The North Carolina-based 2nd Marine Division has a drug problem.
That's how Maj. Gen. Francis Donovan put it in an unusually blunt Marine Corps news release issued by the service this week. The division has changed up the way it screens for drugs after catching several Marines using lysergic acid diethylamide, or LSD.
"We are committed to identifying violators of our ethos," Donovan said in a statement. "The vast majority of Marines within the 2d Marine Division routinely uphold our core values, and they deserve to know that the Marines to their left and right are doing the same."
The division has tested about a quarter of its 16,000 Marines and sailors for LSD since the summer. Previous routine drug screenings did not test that particular drug, but that changed after Marines and sailors were found to be using LSD.
"The number of positive test results is exceedingly small -- fewer than a half a percent of those tested," 1st Lt. Dan Linfante, a 2nd Marine Division spokesman, said. "The same trend exists for other drugs as well, with over 55,000 tests administered over the past year."
Half a percent of 4,000 would be about 20 Marines. Still, Linfante added, the Marine Corps has a zero-tolerance policy regarding drugs, so even one positive test is too many.
Anyone who tests positive, he said, will be fully held accountable for their actions under the Uniform Code of Military Justice.
"The use of prohibited substances is unfortunately not new," he said. "What's new here is that the 2d Marine Division is now testing specifically for LSD, along with the many other substances we've long tested for -- both randomly and in every other way possible."
The Naval Criminal Investigative Service warned this summer about a big spike in LSD use across the Navy Department. Federal agents asked for help tracking down perpetrators, which they said was prevalent on the dark web -- a hard-to-regulate section of the internet.
In the first four months of 2020, NCIS saw a 70% increase in investigations relating to alleged LSD offenses, Military.com previously reported.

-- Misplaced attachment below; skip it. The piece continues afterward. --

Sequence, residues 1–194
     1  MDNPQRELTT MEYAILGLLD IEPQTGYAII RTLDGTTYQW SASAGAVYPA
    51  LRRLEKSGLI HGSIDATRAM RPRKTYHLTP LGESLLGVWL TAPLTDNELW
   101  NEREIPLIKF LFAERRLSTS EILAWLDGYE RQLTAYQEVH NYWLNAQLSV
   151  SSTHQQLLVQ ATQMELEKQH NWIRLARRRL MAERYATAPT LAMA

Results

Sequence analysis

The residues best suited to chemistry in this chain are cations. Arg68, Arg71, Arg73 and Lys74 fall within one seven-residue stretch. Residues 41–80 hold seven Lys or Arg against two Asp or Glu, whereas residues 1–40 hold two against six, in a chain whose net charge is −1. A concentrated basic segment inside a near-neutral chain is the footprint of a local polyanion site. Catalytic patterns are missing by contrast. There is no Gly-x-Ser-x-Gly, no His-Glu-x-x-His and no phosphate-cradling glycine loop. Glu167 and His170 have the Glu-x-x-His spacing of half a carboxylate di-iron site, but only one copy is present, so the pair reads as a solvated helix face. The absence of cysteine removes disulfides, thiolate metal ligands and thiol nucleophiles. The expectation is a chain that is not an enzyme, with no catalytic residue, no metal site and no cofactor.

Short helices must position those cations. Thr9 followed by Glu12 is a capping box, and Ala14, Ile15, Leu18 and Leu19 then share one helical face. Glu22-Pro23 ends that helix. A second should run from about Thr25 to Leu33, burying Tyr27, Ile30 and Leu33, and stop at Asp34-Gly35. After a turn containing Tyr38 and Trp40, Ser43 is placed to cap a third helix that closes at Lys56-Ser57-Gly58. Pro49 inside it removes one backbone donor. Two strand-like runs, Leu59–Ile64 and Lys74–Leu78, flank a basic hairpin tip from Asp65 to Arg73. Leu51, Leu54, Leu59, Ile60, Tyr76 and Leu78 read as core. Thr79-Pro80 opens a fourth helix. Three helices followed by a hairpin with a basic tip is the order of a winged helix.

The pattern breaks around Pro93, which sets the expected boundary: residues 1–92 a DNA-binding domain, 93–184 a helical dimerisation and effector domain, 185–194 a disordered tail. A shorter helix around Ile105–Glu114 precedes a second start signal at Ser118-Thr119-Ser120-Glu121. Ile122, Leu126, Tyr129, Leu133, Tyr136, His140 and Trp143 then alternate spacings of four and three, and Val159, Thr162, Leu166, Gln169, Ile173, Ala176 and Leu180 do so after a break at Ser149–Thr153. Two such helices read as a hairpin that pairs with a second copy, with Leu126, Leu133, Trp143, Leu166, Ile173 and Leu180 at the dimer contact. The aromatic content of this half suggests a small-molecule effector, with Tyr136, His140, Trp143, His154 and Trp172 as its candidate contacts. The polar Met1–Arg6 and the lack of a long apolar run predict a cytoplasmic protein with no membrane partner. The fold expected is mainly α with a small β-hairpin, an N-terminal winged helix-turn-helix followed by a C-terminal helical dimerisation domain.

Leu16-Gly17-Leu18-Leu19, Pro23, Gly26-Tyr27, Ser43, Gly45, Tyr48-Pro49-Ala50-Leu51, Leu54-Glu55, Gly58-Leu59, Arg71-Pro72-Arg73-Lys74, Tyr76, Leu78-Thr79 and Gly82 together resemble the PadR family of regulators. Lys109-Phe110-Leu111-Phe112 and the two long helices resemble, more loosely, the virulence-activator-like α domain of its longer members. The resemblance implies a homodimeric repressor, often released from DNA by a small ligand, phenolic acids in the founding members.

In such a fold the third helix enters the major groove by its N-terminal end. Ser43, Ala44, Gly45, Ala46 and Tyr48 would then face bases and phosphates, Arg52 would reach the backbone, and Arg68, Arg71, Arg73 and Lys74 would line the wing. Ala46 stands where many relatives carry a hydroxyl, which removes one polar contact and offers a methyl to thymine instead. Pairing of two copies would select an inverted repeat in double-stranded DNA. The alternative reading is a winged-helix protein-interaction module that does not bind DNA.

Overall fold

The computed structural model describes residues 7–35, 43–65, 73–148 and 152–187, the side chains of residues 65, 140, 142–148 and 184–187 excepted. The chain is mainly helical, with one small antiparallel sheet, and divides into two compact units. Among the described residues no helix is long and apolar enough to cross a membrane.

This is not the first time the 2nd Marine Division has made headlines for bad behavior.
Last December, members of 3rd Battalion, 6th Marines, which falls under the infantry division, lost a pair of rifles and a flak jacket during a training exercise. Lt. Col. Clinton Kappel and Sgt. Maj. Elson Aviles, the battalion's commanding officer and senior-enlisted leader, were later removed from their jobs.
And in April 2019, Maj. Gen. David Furness, then-commanding general of 2nd Marine Division, put in place a strict daily routine to fix what he said was poor discipline and sloppy appearances across the infantry division. That included weeds and trash around buildings, worn-out boots and out-of-regs facial hair.
"These are just a few examples of the lack of discipline seen across the board that will not be tolerated in this Division any longer," Furness wrote in a letter to his Marines and sailors in which he instituted division-wide reveille at 5:30 a.m., mandatory formations and inspections, meal times and physical training requirements.
Units within the 2nd Marine Division continue holding a basic daily routine that meets their operational requirements, Linfante said.
"The Division has made significant strides toward improving basic discipline, and leadership within the Division enforces those standards to maintain the Division's high level of discipline," he said.
-- Hope Hodge Seck contributed to this report.